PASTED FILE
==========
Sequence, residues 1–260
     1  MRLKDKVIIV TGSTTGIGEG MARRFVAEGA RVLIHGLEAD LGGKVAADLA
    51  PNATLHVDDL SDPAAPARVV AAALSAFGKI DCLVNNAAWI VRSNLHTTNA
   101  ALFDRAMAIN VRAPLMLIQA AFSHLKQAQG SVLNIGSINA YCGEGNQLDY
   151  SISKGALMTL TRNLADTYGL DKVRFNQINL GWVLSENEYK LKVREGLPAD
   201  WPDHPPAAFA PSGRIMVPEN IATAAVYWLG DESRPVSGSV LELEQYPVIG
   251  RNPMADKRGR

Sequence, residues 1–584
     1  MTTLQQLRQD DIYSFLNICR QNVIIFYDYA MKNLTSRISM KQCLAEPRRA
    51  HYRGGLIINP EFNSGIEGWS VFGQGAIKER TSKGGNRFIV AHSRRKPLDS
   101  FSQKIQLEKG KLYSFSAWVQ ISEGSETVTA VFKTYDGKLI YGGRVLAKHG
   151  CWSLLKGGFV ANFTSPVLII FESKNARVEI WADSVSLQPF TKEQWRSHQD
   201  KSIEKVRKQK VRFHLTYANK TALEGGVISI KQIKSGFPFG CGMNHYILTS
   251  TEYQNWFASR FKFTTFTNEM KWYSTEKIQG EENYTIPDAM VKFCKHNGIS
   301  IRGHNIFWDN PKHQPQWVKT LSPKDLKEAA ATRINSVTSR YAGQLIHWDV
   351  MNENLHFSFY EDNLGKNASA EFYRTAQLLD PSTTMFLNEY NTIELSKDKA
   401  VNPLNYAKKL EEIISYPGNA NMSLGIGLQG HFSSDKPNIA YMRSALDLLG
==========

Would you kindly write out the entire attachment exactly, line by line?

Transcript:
Sequence, residues 1–260
     1  MRLKDKVIIV TGSTTGIGEG MARRFVAEGA RVLIHGLEAD LGGKVAADLA
    51  PNATLHVDDL SDPAAPARVV AAALSAFGKI DCLVNNAAWI VRSNLHTTNA
   101  ALFDRAMAIN VRAPLMLIQA AFSHLKQAQG SVLNIGSINA YCGEGNQLDY
   151  SISKGALMTL TRNLADTYGL DKVRFNQINL GWVLSENEYK LKVREGLPAD
   201  WPDHPPAAFA PSGRIMVPEN IATAAVYWLG DESRPVSGSV LELEQYPVIG
   251  RNPMADKRGR

Sequence, residues 1–584
     1  MTTLQQLRQD DIYSFLNICR QNVIIFYDYA MKNLTSRISM KQCLAEPRRA
    51  HYRGGLIINP EFNSGIEGWS VFGQGAIKER TSKGGNRFIV AHSRRKPLDS
   101  FSQKIQLEKG KLYSFSAWVQ ISEGSETVTA VFKTYDGKLI YGGRVLAKHG
   151  CWSLLKGGFV ANFTSPVLII FESKNARVEI WADSVSLQPF TKEQWRSHQD
   201  KSIEKVRKQK VRFHLTYANK TALEGGVISI KQIKSGFPFG CGMNHYILTS
   251  TEYQNWFASR FKFTTFTNEM KWYSTEKIQG EENYTIPDAM VKFCKHNGIS
   301  IRGHNIFWDN PKHQPQWVKT LSPKDLKEAA ATRINSVTSR YAGQLIHWDV
   351  MNENLHFSFY EDNLGKNASA EFYRTAQLLD PSTTMFLNEY NTIELSKDKA
   401  VNPLNYAKKL EEIISYPGNA NMSLGIGLQG HFSSDKPNIA YMRSALDLLG